Biden’s DOJ Can’t Fight Voter Suppression On Its Own.. Democratic lawmakers have hit a dead end in their bid to combat the GOP’s disenfranchisement campaign. They’ve spoken out passionately against it.
They’ve introduced bills to protect and expand voting rights. The White House launched an effort over the summer to tackle voter suppression. But the reality has been clear for a while: If the filibuster remains in place—and there’s no good reason to think it won’t—no legislative solution is realistic in the evenly split Senate.
So where does that leave them, and the democratic process, heading into the 2022 midterms and beyond? The burden may again fall on the base to turn out in large enough numbers to overcome the litany of laws GOP states have enacted to make it more difficult to vote. But the Department of Justice has also been more assertive recently in fighting state disenfranchisement laws, with Merrick Garland filing suits against Georgia and Texas challenging provisions of the anti-voting bills they put in place this year.
The attorney general’s most recent lawsuit came Monday, alleging that Texas discriminated against Black and Latino voters in redrawing its district maps and in doing so violated Section 2 of the Voting Rights Act. The state enacted redistricting plans through an “extraordinarily rapid and opaque” process, the DOJ alleged in its complaint, and drew up its maps with “discriminatory intent” to dilute the impact of minority voters. “These redistricting plans will diminish the opportunities for Latino and Black voters in Texas to elect their preferred representatives,” Associate Attorney General Vanita Gupta said Monday. “And that is prohibited by federal law.”
“This is not the first time Texas has acted to minimize the voting rights of its minority citizens,” Gupta continued, noting that courts have found discriminatory redistricting practices “decade after decade” in the state. “The attorney general has made clear that the Justice Department will not stand idly by in the face of unlawful attempts to restrict access to the ballot.” (Ken Paxton, the Texas attorney general, dismissed the suit as an “absurd” effort by the administration to “control Texas voters.”)
The DOJ may indeed be “committed” to protecting voting rights. But how effective can the department be, and are these legal challenges sufficient on their own without legislation? That much remains to be seen. Even as he filed another lawsuit against Texas, Garland alluded to one of the biggest obstacles to his case: the gutting, in 2013’s Shelby v. Holder, of preclearance. As CNN noted, that requirement would have made Texas’ redistricting subject to federal approval; without it, the burden of proof will be on the department to show that the new maps are discriminatory. As he announced the lawsuit, Garland called on lawmakers to reinstate the requirement. “I want to again urge Congress to restore the Justice Department’s preclearance authority,” he said Monday. “Were that preclearance tool still in place, we would likely not be here today announcing this complaint.”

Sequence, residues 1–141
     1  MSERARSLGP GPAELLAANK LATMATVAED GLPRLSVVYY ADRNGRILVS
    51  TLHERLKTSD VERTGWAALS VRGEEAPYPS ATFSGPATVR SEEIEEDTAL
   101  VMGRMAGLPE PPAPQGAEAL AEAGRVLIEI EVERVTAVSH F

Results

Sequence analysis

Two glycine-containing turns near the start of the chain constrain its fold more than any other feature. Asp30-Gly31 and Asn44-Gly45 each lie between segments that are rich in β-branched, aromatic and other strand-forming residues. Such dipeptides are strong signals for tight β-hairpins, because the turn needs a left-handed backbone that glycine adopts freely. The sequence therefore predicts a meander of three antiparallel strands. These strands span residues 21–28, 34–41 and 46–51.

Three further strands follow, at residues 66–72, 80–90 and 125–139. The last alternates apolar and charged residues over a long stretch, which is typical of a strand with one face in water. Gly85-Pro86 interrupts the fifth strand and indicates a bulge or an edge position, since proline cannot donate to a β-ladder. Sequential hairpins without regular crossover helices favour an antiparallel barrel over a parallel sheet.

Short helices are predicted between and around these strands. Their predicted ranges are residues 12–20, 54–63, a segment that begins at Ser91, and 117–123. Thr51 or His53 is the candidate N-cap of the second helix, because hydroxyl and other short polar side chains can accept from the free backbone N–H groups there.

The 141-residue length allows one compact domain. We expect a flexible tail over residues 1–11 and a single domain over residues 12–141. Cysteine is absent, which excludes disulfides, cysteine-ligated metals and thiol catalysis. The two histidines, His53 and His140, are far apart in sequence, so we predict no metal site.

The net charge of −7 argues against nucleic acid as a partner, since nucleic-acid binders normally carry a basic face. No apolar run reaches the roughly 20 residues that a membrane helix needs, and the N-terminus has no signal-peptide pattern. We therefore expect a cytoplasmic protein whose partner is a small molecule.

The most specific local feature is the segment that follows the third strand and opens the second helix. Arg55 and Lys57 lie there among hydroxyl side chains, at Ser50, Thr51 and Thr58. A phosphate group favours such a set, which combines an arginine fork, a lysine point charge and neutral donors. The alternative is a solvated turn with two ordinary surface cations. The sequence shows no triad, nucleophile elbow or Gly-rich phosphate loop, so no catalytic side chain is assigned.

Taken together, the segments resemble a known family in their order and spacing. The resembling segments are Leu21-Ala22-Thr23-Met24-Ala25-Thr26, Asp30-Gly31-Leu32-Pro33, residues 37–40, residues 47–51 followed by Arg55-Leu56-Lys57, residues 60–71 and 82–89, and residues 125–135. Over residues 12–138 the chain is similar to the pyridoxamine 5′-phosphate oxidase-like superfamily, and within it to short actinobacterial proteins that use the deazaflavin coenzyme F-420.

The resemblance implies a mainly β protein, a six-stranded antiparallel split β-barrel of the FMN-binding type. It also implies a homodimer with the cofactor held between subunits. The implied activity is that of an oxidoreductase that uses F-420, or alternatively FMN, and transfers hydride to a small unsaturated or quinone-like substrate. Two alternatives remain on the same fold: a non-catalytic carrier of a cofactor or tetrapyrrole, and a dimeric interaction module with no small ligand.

But the odds of getting enough Republicans on board for that is probably about the same as getting enough of them to support other measures to secure the voting process against the kind of shenanigans their own party has adopted as an electoral strategy. “What we are facing now is a very real and acute case of democratic subversion,” Democrat Stacey Abrams, who announced a second run for Georgia governor last week, told the New York Times over the weekend. There have been admirable efforts to push back, including from the January 6 committee, which is pushing to eliminate ambiguities from vote tabulation law that Donald Trump tried to exploit to overturn his 2020 loss to Joe Biden. Again, though, there’s been little cause for optimism that any legislative fixes stand a realistic chance with the current Senate.
In the absence of meaningful action on Capitol Hill, thanks to the filibuster, the DOJ’s challenges have been welcome measures. But, as Jennifer Rubin noted in the Washington Post on Tuesday, its actions cannot, on their own, stop the Republicans from rolling back Americans’ rights. “The Justice Department cannot protect our democracy alone,” as Rubin wrote. “It’s long past time for the Senate and White House to give them the tools they need to fight a wholesale effort to artificially inflate White voting power.”
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